By J.D. Davidson
The Center Square

A group of Ohio Democratic lawmakers want answers from a state power provider after planned blackouts during a record-setting heat wave left hundreds of thousands of Ohioans in the dark.

In a letter to American Electric Power President and COO Marc Reitter, the lawmakers want answers to why customers, communities and hospitals were not notified and how communities were selected for outages.

“As one of the state’s leading utility companies, we believe you have an obligation to reasonably provide customers with access to services and communicate planned outages to limit the human and financial costs shouldered by families, cities and people with medical needs,” the letter reads. “We find it troubling that AEP has no issue with customer notifications when bills are due, but when customers are faced with historic heat, limited resources and great needs, there seems to be limited or no communication about planned outages that impact the health, safety and welfare of customers.”

On Wednesday, AEP said violent storms that ripped through the state Monday caused damage to high-voltage power lines, which created more stress and overload on the power grid as heat indexes climbed into the 100-degree neighborhood Tuesday, Wednesday and Thursday.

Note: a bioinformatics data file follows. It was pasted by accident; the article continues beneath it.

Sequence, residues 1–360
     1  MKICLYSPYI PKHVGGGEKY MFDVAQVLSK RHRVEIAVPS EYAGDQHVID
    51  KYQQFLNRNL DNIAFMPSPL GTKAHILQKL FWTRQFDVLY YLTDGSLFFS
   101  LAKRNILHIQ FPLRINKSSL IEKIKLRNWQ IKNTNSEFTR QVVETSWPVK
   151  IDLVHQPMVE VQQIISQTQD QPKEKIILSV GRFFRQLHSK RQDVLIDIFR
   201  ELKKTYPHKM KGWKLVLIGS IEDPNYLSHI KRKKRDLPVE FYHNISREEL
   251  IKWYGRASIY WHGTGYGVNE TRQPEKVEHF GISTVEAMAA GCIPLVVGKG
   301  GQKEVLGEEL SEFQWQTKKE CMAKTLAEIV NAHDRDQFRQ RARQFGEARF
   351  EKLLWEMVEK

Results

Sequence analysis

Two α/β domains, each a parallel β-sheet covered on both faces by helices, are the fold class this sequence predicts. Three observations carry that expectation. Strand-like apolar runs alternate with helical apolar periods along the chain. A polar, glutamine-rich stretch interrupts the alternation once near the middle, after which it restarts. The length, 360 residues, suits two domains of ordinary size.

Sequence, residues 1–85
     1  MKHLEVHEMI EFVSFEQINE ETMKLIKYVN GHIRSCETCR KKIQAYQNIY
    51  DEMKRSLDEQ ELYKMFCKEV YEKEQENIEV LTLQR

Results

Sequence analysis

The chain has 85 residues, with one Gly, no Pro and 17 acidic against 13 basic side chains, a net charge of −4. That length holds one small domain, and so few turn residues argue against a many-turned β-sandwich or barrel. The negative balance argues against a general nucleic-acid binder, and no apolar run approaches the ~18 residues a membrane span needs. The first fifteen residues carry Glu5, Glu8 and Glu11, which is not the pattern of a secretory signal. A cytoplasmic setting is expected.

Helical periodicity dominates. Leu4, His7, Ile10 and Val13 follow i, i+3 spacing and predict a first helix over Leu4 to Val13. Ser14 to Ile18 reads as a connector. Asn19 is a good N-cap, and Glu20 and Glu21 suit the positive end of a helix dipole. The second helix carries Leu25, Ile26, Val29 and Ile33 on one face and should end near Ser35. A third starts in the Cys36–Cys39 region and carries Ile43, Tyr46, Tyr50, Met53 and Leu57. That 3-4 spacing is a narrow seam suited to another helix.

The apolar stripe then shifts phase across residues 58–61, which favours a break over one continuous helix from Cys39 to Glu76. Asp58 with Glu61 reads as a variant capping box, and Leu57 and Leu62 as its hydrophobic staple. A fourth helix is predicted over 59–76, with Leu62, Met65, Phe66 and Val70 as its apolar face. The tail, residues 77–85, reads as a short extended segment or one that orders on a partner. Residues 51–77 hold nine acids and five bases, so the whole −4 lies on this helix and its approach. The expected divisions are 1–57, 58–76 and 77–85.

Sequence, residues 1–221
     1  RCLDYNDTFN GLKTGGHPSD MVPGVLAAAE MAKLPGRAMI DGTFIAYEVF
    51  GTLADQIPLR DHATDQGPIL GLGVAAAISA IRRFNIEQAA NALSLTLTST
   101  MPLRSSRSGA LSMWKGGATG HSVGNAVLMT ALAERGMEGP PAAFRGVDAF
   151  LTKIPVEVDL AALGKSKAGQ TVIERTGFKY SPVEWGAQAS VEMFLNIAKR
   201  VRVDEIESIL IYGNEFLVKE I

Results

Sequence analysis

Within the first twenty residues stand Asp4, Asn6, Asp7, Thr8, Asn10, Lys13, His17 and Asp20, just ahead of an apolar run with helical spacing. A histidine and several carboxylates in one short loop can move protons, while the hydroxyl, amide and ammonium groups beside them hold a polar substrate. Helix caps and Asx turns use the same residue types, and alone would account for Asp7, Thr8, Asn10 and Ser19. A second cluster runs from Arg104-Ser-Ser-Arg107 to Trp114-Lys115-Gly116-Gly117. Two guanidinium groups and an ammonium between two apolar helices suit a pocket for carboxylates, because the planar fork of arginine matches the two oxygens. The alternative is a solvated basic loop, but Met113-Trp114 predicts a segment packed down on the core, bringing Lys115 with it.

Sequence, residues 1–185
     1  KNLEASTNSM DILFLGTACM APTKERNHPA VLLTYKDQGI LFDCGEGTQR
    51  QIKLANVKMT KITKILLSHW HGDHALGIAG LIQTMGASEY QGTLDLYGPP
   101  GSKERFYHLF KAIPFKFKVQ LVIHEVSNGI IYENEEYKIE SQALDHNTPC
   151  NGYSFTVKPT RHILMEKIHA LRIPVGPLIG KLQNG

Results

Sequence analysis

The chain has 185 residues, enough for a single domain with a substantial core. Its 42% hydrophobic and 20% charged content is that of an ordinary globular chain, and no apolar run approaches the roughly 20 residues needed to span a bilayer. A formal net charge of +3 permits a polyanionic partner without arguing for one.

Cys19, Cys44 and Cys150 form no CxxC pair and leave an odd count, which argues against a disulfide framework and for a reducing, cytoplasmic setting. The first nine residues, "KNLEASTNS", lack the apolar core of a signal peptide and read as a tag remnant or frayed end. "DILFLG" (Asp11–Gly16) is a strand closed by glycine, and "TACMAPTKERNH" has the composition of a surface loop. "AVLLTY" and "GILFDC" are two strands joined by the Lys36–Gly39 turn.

At the same time, Public Utilities Commission of Ohio Chairwoman Jennifer French announced an after-action review of the outages caused by storms and the planned outages.

“We’ve been closely monitoring the outages. As with any major outage we will be communicating with Ohio’s utilities to do an after-action review and determine what steps can be taken to avoid future occurrences,” French said in a statement during Thursday’s PUCO meeting. “These outages have caused not only inconveniences but serious problems for residents and businesses in the affected areas.”

The Ohio Consumers’ Council is calling for a PUCO investigation, rather than a review, of the outages.

"Job 1 is to safely and urgently restore consumers’ power. Then the PUCO should order an independent investigation of the whole incident,” said Bruce Weston, agency director of the Ohio Consumers’ Counsel. “Consumers’ voices must be heard in that process. We hope for the safety of the public and AEP’s workers."